- Kava Kava, an herbal product, has been used before for GAD but can have problems with liver toxicity, therefore it’s not recommended for GAD treatment.
- St. John’s Wort, Valerian Root, and Passionflower have also been used for GAD, but all of these have limited evidence of their usefulness and effectiveness. Because of this, it’s not advisable to use these medications. St. John’s Wort can also have significant drug interactions with other prescription and non-prescription medications that can be life threatening in some circumstances.
Using Antidepressant Prescription Medications for GAD
The antidepressant medications are the first-choice prescription medications that are used for the acute (right now) and long-term treatment of GAD. The reason for this is that the antidepressants are effective and generally safe for long-term use. The SSRIs and SNRIs are the most commonly used antidepressants for short term and long-term GAD treatment. They have less side effects than other medications (such as with the benzodiazepines) and are more well tolerated. The FDA approved antidepressants for GAD are extended-release Venlafaxine (Effexor XR), duloxetine (Cymbalta), and escitalopram (Lexapro). Other antidepressants that can be used to treat GAD are:
- Paroxetine (Paxil)
- Sertraline (Zoloft)
- Vilazodone (Viibryd)
- Vortioxetine (Brintellix, Trintellix)
Other non-antidepressants that are also used to treat anxiety are:
- Buspirone (Buspar)
- Pregabalin (Lyrica)
- Quetiapine XR (Seroquel XR)
The Selective-Serotonin Reuptake Inhibitors (SSRIs), the Serotonin-Norepinephrine Reuptake Inhibitors (SNRIs), and the Tricyclic Antidepressants (TCAs) are the preferred antidepressants for GAD treatment. For acute anti-anxiety therapy, they are usually used for a short-term 8-12 weeks trial period to see how someone tolerates the medication and to find a more effective dose (called Dose-Response Titration). About 60-68% of people who start an 8-12 weeks trial of an anti-depressant medication for anxiety will respond to them and only about 30% will have remission of their GAD.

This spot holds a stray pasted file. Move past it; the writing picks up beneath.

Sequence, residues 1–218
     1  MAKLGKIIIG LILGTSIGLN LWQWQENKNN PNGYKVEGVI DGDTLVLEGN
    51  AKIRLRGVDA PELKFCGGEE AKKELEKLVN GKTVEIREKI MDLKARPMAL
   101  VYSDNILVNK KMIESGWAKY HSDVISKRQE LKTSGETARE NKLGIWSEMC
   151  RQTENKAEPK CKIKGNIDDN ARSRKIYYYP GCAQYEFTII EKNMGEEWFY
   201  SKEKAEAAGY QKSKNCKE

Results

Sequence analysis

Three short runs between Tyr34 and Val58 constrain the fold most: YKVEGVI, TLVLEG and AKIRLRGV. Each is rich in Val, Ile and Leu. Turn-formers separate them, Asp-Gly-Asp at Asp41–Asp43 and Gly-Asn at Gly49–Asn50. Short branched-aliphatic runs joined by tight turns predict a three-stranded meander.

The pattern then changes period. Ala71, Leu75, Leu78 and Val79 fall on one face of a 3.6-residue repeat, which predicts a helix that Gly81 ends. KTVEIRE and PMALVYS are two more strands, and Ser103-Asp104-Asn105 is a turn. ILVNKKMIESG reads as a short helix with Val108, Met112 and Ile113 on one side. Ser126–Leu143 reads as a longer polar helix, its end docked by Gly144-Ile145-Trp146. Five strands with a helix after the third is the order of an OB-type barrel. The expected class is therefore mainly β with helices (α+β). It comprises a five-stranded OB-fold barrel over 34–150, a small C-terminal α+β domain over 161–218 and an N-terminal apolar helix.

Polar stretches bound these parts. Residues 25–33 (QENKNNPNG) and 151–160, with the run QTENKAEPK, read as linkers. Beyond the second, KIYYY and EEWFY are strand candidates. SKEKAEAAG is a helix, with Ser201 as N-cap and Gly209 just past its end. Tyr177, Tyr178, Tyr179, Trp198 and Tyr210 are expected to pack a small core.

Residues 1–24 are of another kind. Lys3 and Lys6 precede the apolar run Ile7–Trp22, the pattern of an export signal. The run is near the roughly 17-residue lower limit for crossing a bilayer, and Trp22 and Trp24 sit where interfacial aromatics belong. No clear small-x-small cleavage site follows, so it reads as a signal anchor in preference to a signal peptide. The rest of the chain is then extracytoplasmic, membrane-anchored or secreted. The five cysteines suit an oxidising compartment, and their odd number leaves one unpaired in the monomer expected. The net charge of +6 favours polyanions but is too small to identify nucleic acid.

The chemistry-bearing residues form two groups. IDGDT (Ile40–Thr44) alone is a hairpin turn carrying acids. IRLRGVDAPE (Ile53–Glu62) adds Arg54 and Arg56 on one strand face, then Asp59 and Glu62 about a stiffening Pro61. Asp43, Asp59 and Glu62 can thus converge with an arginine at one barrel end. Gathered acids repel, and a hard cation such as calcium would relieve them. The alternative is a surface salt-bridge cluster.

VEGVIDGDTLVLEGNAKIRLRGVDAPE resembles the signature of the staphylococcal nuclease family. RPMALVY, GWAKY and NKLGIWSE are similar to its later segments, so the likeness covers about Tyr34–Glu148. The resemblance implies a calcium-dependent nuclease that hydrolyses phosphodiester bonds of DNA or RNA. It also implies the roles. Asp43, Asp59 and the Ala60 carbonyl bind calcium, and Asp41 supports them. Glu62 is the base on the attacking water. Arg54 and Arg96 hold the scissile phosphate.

How Anti-Depressants Work to Treat Anxiety Symptoms
It’s not clearly understood how the antidepressants work to improve the psychological symptoms of anxiety. However, it’s been generally accepted in the medical community that the anti-depressant medications are used to harmonize or more stabilize the serotonin, dopamine, and norepinephrine disbalance that occurs in people with anxiety disorders. These neurotransmitters are used to connect one neuron to another as they are the little chemical messengers the neurons use to communicate with each other. Any disbalance in the connection of one neuron to another will cause disharmony and disbalance of that specific neuron network within the human brain and human mind. By increasing the norepinephrine and serotonin levels within the neurons of specific parts of the brain, the human mind and brain are more able to control the thoughts and emotions associated with apprehension, fear, and anxiety that are commonly found in anxiety disorders.
Benzodiazepine Use in General Anxiety Disorder
The Benzodiazepines are a prescription medication class that are mainly used for the short-term treatment of anxiety disorders and help alleviate the psychological and physiological symptoms of anxiety disorders. The benzodiazepines are controlled substance medications because of their: 1) euphoric effects after taking them and 2) their psychological and physical dependency for a person. The Benzodiazepines are Schedule 4 controlled substances in the United States. They are available by prescription only.
GAD = general anxiety disorder
List of Common Benzodiazepines:
- Lorazepam (Ativan)
- FDA approved for GAD treatment
- Clonazepam (Klonopin)
- FDA approved for GAD treatment
- Midazolam (Versed) – IV medication, used in hospitals for procedures for preoperative sedation
- Alprazolam (Xanax)
- FDA approved for GAD treatment
- Clorazepate (Tranxene)
- Usually used for alcohol withdrawal management
- FDA approved for GAD treatment
- Estazolam (Prosom)
- Flurazepam (Dalmane)